Initial fears that the new stay-at-home lifestyle that Americans are living would chip away at podcast consumption have faded in recent months. Now there is new evidence that podcasting could emerge as a media winner as people carve out time to escape into a world inside their headphones. Rather than decline, Edison Research reports podcast fans expanded their listening time to 6 hours and 45 minutes per week on average during the second quarter. “That’s an extra half-hour of podcast listening every single week,” Edison SVP Tom Webster said on a webinar Thursday.
The Podcast Consumer Report data represents a stark turnaround from the first half of the quarter, when listening dropped to 5 hours and 22 minutes among those newly working from home. “Things have normalized, and not only normalized, but as far as podcasting is concerned a change for the better,” said Webster. “As we became adjusted to life in quarantine, we began to slot podcast listening back into our lives, back into our new workout routines or our new walking-to-the-store routines — all of the various new habits that we had to build up over the course of having to work from home the past few months.”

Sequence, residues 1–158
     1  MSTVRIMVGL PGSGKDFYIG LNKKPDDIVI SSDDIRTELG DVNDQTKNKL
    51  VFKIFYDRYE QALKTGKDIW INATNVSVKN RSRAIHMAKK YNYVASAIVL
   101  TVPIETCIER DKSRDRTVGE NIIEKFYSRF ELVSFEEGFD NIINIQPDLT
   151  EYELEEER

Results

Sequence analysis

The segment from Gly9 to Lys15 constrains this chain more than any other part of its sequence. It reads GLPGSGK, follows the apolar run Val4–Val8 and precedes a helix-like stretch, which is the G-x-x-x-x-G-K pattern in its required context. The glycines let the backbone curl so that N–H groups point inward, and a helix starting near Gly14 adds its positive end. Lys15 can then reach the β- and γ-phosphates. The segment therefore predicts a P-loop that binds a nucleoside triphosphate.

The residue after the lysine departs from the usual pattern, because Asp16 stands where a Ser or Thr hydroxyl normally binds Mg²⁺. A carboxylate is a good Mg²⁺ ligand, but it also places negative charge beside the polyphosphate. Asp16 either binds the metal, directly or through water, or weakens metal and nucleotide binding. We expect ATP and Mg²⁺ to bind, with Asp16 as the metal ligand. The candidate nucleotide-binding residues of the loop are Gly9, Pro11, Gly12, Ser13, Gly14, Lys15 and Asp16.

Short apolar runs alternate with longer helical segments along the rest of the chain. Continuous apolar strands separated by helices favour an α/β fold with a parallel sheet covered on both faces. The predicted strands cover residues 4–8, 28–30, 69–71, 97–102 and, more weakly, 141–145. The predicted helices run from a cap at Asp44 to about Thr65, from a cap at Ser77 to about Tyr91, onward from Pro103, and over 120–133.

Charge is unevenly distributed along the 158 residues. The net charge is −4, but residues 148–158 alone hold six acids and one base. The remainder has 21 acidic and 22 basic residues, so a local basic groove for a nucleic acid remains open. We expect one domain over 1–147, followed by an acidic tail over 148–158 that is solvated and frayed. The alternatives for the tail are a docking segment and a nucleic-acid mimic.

Edison Research had earlier said that people not working were spending even more time with podcasts. Through mid-May podcast listeners who had been laid off or furloughed were clocked at 6 hours and 35 minutes per week listening to podcasts.
Webster also released updated data from Edison’s Share of Ear report, which tracks audio consumption across all media on a rolling four-quarter average. It shows podcast listening now captures five percent of time spent with audio among Americans aged 13 and older. That is up from a two percent share that podcasts had during the same quarter in 2014 — or a 150% share increase during the five-year period.
Webster said that for every hour of podcast listening people did five years ago, they spent 25 hours listening to AM/FM radio. Today that ratio has narrowed. Now for every hour of podcast listening, people consume eight hours of broadcast radio.
“That ratio has shifted enormously,” said Webster. “COVID-19 has had something to do with that, but these changes have been building over time. But removing the commute from American lives has had a significant impact on all of these habits and podcasting has benefited from all of this.”
Edison said earlier that its data shows for the first time since it launched the Share of Ear study six years ago that during the second quarter Americans listened to more audio content from digital devices than analog devices.
The Share of Ear study requires respondents to keep a detailed daily diary of audio usage. The second-quarter data was collected in mid-May.